Next up–Yuki and Hiroki sped us down the mountain to hop a small boat to our next hotel high atop a hill. The Hotel Urashima is quite famous for Japanese tourists in search of the sulfuric hot baths and the remarkably fresh tuna.
We got to the hotel just in time to change into our kimonos and sandals and head to the dining room for a special show by a sushi master filleting a small whole tuna. The young kids gathered around with wide eyes as the master did his work, carving and showcasing each section of the tuna and explaining what it was called–from the rich tuna belly to the exquisite meat found by digging right next to the bones of the spine. Fascinating! And of course we all got to taste the very best part of the tuna, just as it came off the knife.
We thought that this experience couldn’t be topped, but we were wrong. It was only the pre-game show. After dinner we went straight to the innermost part of the hotel, which was actually an enormous cave. Not sure if it was naturally there or if it was carved out by man, but in any case, inside it were many wonders to behold.
The men went to the left and the women to the right. We put our sandals and kimonos in a locker and then just as God made us, we went to the washing stations and got ourselves good and clean before stepping into one of several large hot sulfur pools. Almost instantly your muscles begin to relax and so do you. You could care less that you are totally nude around strangers because inside this cave it feels totally natural. After about 10 minutes Hiroko led me to the second pool. And this is the moment of this trip I will forever remember as the most magical.
For as we walked into this warm pool, I realized with surprise and glee that we were at the very mouth of the cave, outside of it in fact, gazing at the roiling sea splashing up against the volcanic rocks just yards below us. We were looking at stars above, gigantic cliffs to our right, and crashing surf beneath our feet. Simply astounding. I literally gasped in awe and shook my head in wonder. I looked around at my fellow female bathers, many with small towels on their heads (protocol is no leaving a towel anywhere near the baths) so beautiful in this setting of pure peace and calm contentment. I felt the sea breeze wash over my body and reveled in the gentle voices of women and children enjoying this all-natural cleansing. I suddenly felt I knew the meaning of the word perfection, for saved place was pulsing with it When I return home to LA and take a bath, I’ll think of my Japanese sisters across the Pacific and smile knowing their bath ritual goes on in its magical way at the lip of an ancient mountain cave. I’ll remember their lovely murmurings and the way they took great care to respect the surroundings and each other. And I’ll be glad to have spent these precious moments with them, without clothing and without judgement, under the ancient Asian stars.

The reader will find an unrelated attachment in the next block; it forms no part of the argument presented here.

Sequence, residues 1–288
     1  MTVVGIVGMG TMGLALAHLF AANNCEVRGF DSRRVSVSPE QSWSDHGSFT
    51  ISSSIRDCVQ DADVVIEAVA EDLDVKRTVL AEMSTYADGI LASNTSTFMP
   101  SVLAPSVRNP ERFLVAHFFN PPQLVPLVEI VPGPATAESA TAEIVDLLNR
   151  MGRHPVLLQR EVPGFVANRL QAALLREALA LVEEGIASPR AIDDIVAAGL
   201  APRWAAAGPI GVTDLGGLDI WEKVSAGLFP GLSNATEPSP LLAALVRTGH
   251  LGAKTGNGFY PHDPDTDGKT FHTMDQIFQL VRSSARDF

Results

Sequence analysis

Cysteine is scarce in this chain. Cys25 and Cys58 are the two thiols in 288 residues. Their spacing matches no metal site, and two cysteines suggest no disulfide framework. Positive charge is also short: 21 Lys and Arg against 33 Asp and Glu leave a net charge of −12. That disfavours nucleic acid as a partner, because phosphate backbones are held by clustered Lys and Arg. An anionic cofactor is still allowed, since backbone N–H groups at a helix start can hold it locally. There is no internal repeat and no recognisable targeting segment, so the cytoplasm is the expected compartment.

That night Tatum mats were laid out in our rooms and sleeping so close to the floor made me feel even more grounded. The sulphur is famous as an agent for detoxification and to help soften the skin, and I slept like a baby.
I awoke at 5:22 and couldn’t wait to throw on my kimono and slippers and get back to the cave baths. I chose a different bath this time and watched the sun rise through scattered clouds over the green pyramids of distant islands as I took the healing waters. There’s just no way to describe this experience with mere words.
I never wanted to leave.
After breakfast we hit the road and continued west, going further back in time as we drove. We thought there was nothing that could possibly make us happier than the Hotel Urashima, and again we were wrong, for Yuki and Hiroko had another surprise that bowled us over. We hopped out of the car and slipped into life jackets given to us by a couple in their 70’s.
She sold us out tickets (just 12 dollars) and he guided us to a small freshly painted power boat. Our tour of the Kumano River in the remote Doro Gorge area was about to commence!
It was another pinch me am I really doing this moment in time, gliding along a crystal clear river snaking through towering stone cathedrals on both sides of us, blue herons and hawks arcing through the sky. At every curve I expected Brad Pitt to appear fly fishing from shore or perhaps a baby T-Rex would peek its massive head from behind a tree– the scene was so cinematic.
Nara. One of the original capitals of Japan, before Kyoto. There are no hotels in town but the government built a guest house for diplomats up on a hill on the outskirts. The Nara Hotel is a bit legendary, with A-list celebrities that do is like classic handsome temple.
See more of my adventures through Japan here.